It all started when I mistakenly removed date from this line of code just before pressing Run button of XCode:


The app got compiled successfully and this line:


produced this output:


Out of curiosity, I started replacing ! with other operators, like *, %, ^, … that all led to the same compiler error message:

error: ambiguous use of operator '*'
error: ambiguous use of operator '%'
error: ambiguous use of operator '^'

At this point, I had two questions:

  1. Where does that ! come from?
  2. Why doesn’t substituting ‘!’ with other operator doesn’t have the same result?

Unfortunately, Jump To Defenition (^ + command) feature doesn’t work for operators. So how can I do now? I decided to dump AST output of the compiler. Because the generated AST is easily readable and it’s the output of Semantic Analysis (run right after Parsing phase) and by end of this phase the compiler knows where the declaration of called methods can be found:

Parsing: The parser is a simple, recursive-descent parser (implemented in lib/Parse) with an integrated, hand-coded lexer. The parser is responsible for generating an Abstract Syntax Tree (AST) without any semantic or type information, and emit warnings or errors for grammatical problems with the input source.

Semantic analysis: Semantic analysis (implemented in lib/Sema) is responsible for taking the parsed AST and transforming it into a well-formed, fully-type-checked form of the AST, emitting warnings or errors for semantic problems in the source code. Semantic analysis includes type inference and, on success, indicates that it is safe to generate code from the resulting, type-checked AST.

If you want to know about AST, check out this page. So I ran this command:

swiftc -dump-ast -O print.swift

print.swift was a simple and short swift file:

import Foundation

The output was:

The interseing part is:

(declref_expr type='(Bool.Type) -> (Bool) -> Bool' location=print.swift:2:7 range=[print.swift:2:7 - line:2:7] decl=Swift.(file).Bool.! function_ref=unapplied)

And here you can see that ! has been declared in Swift.(file).Bool.!. Let’s go to where Bool type has been declared to see what can we find there:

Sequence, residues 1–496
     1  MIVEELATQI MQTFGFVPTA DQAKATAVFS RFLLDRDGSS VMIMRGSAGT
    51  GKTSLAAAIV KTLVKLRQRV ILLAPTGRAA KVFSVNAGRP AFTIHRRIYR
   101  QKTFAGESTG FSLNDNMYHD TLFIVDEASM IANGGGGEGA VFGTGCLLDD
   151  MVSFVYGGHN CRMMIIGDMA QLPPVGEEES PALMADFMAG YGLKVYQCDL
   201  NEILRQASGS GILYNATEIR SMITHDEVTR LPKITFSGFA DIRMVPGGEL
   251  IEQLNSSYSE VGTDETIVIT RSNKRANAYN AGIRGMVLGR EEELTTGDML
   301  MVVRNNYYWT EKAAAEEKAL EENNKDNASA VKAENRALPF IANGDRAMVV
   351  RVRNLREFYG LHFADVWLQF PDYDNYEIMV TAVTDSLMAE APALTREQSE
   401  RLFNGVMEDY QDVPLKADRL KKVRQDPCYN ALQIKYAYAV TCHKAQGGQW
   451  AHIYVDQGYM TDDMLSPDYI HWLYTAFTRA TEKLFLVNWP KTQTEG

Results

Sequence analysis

extension Bool {
  /// Performs a logical NOT operation on a Boolean value.
  /// The logical NOT operator (`!`) inverts a Boolean value. If the value is
  /// `true`, the result of the operation is `false`; if the value is `false`,
  /// the result is `true`.
  ///     var printedMessage = false
  ///     if !printedMessage {
  ///         print("You look nice today!")
  ///         printedMessage = true
  ///     }
  ///     // Prints "You look nice today!"
  /// - Parameter a: The Boolean value to negate.
  public static prefix func ! (a: Bool) -> Bool {
    return Bool(Builtin.xor_Int1(a._value, true._value))

This is how ! operator works under the hood then.

It’s time to answer the next question. Why do we get a compiler error when we try to compile print(*)? If we dump AST again for this source code:

import Foundation

We get this output:

In the last part of the output, there is the list of all available declarations of * that Swift compiler cannot decide which one we mean to use. How can we solve this ambiguous case? I found the answer here. The answer is neither trivial nor documented somewhere in Swift documentation:

The answer is to both parenthesize and type the operator

I changed the source code accordingly and the problem solved:

let op: (Int, Int) -> Int = (*)
print((*)) // Output: (Function)